There have been a number of investment opportunities that have stood out over the last twenty years but few, at the time, seemed as compelling as shorting Japanese Government Bonds (JGBs) once yields slipped below 2% eighteen years ago. Fortunately I did not have the wherewithal to do much about this, so I escaped devastating losses as yields halved, halved and halved again. Anecdotally, this was a popular trade for the more sophisticated types in the hedge fund world. Eventually, the trade rather darkly earned the moniker 'the widow maker'. Following the financial crisis, JGB yields have continued to spiral lower until, almost with a resigned inevitably, the 10 year note finally sunk into negative territory in February. This article covers some thoughts as to whether gilts are investable for retail clients on current yields or whether buyers should be institutionalised (in either sense of the word).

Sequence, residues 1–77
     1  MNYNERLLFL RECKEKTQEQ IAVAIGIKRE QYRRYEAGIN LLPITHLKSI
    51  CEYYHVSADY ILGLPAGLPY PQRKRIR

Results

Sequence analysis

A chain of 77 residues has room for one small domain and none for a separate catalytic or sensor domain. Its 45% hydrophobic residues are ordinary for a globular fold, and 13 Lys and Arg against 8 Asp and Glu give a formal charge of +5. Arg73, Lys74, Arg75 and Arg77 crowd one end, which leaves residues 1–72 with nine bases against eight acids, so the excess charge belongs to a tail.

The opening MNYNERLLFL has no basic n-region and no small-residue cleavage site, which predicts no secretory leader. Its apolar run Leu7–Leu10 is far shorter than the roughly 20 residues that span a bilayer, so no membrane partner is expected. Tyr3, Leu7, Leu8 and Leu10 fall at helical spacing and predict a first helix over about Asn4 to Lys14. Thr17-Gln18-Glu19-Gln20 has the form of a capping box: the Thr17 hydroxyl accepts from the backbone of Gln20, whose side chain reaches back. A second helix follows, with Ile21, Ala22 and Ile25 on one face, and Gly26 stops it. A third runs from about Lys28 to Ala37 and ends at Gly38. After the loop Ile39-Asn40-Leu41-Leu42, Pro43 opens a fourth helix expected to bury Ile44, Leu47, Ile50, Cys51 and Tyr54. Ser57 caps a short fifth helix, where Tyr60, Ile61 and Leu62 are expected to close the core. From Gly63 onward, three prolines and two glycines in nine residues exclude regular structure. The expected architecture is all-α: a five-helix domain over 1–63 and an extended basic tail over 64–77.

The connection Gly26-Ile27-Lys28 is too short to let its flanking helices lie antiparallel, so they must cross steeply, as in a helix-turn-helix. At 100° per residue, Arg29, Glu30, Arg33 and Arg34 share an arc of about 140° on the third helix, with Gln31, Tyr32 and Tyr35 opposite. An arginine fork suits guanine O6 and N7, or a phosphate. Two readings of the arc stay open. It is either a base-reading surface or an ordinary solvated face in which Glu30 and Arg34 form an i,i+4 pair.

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Evaluating Open-Ended Passive Funds

In theory, selecting passive funds for investment should be quite straightforward. This is certainly true when compared to the work required to identify suitable active funds but still challenges remain. The range of options for passive investment has broadened enormously over recent years as the ETF industry has developed and if systematic smart beta options are included, the options become boggling. During the summer, Square Mile initiated a ratings coverage of passive funds. This article highlights some of the issues that we came across in analysing passives and how we set about overcoming some of these difficulties.